London is a city of cranes, and it has really changed my mind about how I think about this great old city.
You see cranes and new buildings all over the place, from a huge new development that’s going up near Victoria Station to many smaller new building sites around the formerly depressed neighborhoods of Shoreditch and Old Street.
After years of falling behind the US there is a sense of vitality that was sorely missing in the 1970’s and early 80’s when I lived here.
One new train system, the London Overground is up and running, and another huge project, connecting east and west London is well on the way.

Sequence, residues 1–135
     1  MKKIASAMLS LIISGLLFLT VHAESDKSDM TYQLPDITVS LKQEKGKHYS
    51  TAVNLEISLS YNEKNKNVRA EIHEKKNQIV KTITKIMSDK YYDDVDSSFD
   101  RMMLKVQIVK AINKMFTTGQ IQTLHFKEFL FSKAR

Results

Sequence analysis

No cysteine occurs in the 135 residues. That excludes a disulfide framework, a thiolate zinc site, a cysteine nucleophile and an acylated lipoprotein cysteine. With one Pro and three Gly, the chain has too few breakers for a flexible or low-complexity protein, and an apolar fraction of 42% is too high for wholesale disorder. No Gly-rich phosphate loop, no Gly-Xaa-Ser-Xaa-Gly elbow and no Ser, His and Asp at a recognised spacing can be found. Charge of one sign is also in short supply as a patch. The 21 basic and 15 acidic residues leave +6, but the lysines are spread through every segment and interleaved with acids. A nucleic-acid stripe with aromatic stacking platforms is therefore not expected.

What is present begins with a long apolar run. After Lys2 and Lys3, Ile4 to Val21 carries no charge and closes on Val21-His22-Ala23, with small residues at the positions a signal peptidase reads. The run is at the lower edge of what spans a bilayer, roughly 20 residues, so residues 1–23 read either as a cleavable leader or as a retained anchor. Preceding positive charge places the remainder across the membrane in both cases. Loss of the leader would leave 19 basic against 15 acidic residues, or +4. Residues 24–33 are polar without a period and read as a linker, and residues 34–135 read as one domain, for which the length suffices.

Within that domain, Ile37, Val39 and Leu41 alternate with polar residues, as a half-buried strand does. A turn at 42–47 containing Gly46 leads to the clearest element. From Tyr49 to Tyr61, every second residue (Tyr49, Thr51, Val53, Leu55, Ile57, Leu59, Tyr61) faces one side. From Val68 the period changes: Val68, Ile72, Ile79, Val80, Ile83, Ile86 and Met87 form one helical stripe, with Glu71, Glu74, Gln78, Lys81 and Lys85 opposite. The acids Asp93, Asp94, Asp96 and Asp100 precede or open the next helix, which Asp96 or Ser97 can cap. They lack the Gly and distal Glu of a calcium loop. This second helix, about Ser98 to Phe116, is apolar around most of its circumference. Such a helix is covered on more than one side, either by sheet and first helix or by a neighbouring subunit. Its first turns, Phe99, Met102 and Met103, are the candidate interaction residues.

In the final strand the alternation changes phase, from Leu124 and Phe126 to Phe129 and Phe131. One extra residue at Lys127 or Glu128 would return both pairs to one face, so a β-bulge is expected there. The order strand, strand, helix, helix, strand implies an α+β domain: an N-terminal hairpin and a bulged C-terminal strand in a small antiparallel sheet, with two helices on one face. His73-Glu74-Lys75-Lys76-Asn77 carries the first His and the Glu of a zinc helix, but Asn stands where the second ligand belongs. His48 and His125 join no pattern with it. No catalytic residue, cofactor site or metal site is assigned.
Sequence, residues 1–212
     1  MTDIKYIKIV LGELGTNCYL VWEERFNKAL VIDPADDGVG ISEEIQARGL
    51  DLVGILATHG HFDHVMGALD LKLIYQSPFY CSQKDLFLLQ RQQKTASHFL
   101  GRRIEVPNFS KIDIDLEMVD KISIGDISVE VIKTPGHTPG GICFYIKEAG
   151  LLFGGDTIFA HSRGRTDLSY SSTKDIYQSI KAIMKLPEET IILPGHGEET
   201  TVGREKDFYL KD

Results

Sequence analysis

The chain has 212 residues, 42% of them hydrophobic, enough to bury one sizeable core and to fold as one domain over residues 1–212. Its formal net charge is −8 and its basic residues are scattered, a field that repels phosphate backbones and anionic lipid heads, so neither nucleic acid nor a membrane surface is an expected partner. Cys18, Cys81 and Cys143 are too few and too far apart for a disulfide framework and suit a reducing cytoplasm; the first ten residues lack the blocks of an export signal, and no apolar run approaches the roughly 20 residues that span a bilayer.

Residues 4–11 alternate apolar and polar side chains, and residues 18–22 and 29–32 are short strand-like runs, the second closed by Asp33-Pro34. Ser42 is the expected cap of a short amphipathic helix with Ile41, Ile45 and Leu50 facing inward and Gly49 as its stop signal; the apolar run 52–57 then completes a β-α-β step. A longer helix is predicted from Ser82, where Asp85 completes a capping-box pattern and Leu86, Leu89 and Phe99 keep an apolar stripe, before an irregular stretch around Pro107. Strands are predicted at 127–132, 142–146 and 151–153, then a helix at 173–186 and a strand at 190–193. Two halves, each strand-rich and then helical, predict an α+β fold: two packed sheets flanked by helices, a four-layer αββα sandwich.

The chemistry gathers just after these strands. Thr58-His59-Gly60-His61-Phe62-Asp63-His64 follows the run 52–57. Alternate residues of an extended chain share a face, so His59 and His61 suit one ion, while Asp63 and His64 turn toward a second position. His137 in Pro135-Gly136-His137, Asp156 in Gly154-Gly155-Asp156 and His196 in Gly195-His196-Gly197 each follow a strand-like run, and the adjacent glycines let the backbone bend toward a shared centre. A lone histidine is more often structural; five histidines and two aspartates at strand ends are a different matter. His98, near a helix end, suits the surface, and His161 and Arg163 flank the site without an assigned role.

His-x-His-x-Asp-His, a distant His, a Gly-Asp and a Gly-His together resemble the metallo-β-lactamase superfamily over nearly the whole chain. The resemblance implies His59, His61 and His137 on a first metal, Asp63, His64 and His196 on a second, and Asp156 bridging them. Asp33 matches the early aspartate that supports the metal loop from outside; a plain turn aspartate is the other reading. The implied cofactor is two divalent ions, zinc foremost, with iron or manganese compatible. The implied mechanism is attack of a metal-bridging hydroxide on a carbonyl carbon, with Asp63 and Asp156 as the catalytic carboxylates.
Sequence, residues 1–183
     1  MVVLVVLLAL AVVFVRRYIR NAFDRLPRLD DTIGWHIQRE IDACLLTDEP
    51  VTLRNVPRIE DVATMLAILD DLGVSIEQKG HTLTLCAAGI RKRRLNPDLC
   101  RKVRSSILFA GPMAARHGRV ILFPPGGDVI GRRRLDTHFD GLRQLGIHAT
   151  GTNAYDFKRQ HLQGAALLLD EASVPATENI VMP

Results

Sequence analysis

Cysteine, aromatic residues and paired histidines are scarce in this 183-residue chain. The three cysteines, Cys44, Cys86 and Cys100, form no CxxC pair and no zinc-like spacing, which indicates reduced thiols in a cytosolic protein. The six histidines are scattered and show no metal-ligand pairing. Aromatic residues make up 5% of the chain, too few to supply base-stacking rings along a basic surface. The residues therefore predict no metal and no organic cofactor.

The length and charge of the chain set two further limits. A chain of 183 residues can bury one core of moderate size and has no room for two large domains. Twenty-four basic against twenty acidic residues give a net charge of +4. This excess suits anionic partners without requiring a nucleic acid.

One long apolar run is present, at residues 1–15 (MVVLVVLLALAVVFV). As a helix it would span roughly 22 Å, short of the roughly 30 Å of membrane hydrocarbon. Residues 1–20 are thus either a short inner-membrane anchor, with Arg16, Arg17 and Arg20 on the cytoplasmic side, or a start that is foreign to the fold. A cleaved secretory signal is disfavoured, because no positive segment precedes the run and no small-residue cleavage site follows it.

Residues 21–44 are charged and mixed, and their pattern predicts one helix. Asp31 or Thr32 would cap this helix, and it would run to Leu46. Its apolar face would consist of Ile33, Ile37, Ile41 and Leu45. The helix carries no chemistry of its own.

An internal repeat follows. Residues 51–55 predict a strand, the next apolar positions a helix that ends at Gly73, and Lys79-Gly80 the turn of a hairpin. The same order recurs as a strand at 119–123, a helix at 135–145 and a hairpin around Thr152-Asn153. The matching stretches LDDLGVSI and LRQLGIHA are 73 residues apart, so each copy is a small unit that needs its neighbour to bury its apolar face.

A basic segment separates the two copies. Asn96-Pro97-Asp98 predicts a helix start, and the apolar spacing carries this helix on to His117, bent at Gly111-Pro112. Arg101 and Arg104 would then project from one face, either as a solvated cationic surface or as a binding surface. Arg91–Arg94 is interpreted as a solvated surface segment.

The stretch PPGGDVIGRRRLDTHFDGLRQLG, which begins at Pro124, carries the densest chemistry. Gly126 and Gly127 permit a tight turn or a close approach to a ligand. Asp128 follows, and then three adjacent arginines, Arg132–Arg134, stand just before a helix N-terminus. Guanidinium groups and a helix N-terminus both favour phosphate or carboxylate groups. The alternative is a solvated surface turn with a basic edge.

After years of struggle following the 2008 financial crisis, the British economic growth was recently upgraded by the IMF.
Has the mood of the country changed to match the growing evidence of prosperity and pride in public works? Not exactly. And as anyone from other parts of the country will remind you, the boom is more of a London thing than nationwide.
But there is a sense of possibility. And the co-alition government established by Conservatives and Liberals in 2010 has held together surprisingly well. It’s a model for political co-operation, unlike the gridlock and dysfunction in Washington.
What’s ironic is that today’s US political scene reminds me of the rigid ideological orthodoxy of the Labor and Conservative Parties in the 70’s: the very time when Britain was being derided as the sick man of Europe.